Your Loved One Has Cancer: Here’s How You Can Help

This is a guest post written by Scott Sanders from CancerWell.org. In this post are tips and advice on how to best help a loved one who is going through cancer treatment.

loved one cancer

Being diagnosed with cancer is a life-changing, earth-shattering experience. A person with a serious illness is filled with lots of emotions and feeling a lot of physical pain, too. Learn how to give your best self to your loved one and find ways to give them the support they need during this difficult time.

How to Talk to Your Loved One

The things you say to a cancer patient affect them in a lot of ways. Sometimes, the best thing you can do is simply listen and say nothing at all, according to Cancer Care. Don’t give advice or opinions unless you’re asked or make reassurances that everything is going to be OK.

Get Them to Talk to You

It’s not uncommon for terminally ill patients to attempt to downplay their pain or refuse to talk about it. Encourage your loved one to be open about when they’re in pain, what the pain is like and how much of it they’re experiencing. Physicians treating the cancer need to know about the physical discomfort of their patients so they can design effective treatment plans, and you need to know when they’re in pain so you can help them through it.

Get Physical

There are many physical things you can do to help a person who has a serious illness. Do their grocery shopping for them, run errands and do chores around the house. According to the National Comprehensive Cancer Network, these things can be very helpful and provide the sick person with the support they need.

Get Mentally Prepared

The way you react to your loved one is going to affect them. That’s why it’s important for you to mentally prepare yourself for the changes that cancer may cause. People going through this often suffer from weight changes, all-over hair loss, extreme fatigue and pale skin. You will also notice many emotional changes. Cancer patients may have trouble staying focused, vomit frequently and suffer with insomnia, according to the American Cancer Society. Try your best not to have a visible reaction to these changes. Understand that these changes are normal and expected.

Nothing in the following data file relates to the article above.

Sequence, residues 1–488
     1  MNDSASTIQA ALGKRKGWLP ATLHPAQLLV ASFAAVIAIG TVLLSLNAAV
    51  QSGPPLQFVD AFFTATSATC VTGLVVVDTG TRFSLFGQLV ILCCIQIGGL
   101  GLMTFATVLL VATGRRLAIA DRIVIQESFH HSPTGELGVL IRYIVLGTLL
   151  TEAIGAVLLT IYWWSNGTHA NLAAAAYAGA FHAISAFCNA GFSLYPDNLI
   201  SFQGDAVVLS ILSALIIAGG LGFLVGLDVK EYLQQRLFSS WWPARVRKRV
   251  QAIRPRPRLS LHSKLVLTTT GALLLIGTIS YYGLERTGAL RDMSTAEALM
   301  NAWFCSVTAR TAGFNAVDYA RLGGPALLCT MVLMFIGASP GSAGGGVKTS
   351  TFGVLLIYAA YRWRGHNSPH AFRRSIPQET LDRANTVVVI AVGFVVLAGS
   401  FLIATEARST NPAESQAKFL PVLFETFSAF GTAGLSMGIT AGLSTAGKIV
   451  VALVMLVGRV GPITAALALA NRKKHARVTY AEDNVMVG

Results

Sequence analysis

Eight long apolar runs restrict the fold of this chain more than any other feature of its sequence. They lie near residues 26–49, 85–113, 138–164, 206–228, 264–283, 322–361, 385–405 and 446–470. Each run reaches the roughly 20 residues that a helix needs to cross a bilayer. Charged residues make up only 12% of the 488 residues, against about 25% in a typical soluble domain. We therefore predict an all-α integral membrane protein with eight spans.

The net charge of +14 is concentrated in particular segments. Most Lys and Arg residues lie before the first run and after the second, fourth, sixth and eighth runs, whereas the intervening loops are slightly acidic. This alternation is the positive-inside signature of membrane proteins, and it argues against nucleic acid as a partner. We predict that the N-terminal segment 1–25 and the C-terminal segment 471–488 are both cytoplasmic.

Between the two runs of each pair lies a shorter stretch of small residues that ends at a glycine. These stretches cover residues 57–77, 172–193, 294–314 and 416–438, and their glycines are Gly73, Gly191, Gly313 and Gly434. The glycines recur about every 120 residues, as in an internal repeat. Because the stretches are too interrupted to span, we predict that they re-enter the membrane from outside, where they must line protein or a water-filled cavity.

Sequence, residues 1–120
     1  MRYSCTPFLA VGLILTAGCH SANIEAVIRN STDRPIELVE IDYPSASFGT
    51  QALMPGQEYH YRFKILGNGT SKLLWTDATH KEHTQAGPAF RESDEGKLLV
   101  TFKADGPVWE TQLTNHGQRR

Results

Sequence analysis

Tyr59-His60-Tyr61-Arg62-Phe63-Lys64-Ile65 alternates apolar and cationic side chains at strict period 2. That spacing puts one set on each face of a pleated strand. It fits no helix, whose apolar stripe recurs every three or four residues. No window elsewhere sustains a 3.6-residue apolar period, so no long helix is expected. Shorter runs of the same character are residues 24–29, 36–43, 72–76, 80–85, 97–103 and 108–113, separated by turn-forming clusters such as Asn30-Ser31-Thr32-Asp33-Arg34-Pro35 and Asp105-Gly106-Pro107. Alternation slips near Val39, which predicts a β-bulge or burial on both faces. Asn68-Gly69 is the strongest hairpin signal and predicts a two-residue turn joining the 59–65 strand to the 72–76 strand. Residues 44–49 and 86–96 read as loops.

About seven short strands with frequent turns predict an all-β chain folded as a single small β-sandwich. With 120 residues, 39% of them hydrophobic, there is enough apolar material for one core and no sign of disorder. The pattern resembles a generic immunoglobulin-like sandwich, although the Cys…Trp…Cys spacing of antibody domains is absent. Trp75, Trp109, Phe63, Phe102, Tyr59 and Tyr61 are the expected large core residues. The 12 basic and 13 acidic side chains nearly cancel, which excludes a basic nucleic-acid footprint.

Create a Safe Space

People who have a terminal illness often feel as though they have lost control of their lives, because in many ways they have. Depression, anxiety, stress and other strong emotional states are common among people who have cancer. One way you can help them is by decluttering their homes. This may seem like a strange approach, but decluttering can decrease stress and increase that feeling of being in control and in charge that seriously ill people lack in their lives. Decluttering helps increase focus and improves mood, and that will always have a positive effect.

Encourage Positive Feelings

After you’ve decluttered for your loved one, give them a meditation space. Pick a room, or even just a corner of a room, and turn this into a tiny meditation retreat where they can let go of stress and learn how to focus their minds away from the pain. Some physicians use meditation as a treatment tool for this reason.

Create a meditation space by placing a comfortable chair or bed that your loved one can use, along with some candles or incense, in the space. Provide them with a focal point, a small piece of art or some beloved object, so they can use this to tune out the rest of the world. You may even include a book or a graphic picture that offers tips on how to meditate.

Be Supportive

Stay supportive, stay prepared and stay active when you want to help a loved one with cancer. Keep doing the little things that you can do to make them more comfortable and make their environment more pleasant. Be a good listener, and when you aren’t sure what to say just don’t say anything. Stick to a few simple tips, and you’ll be the best friend you can possibly be to your loved one.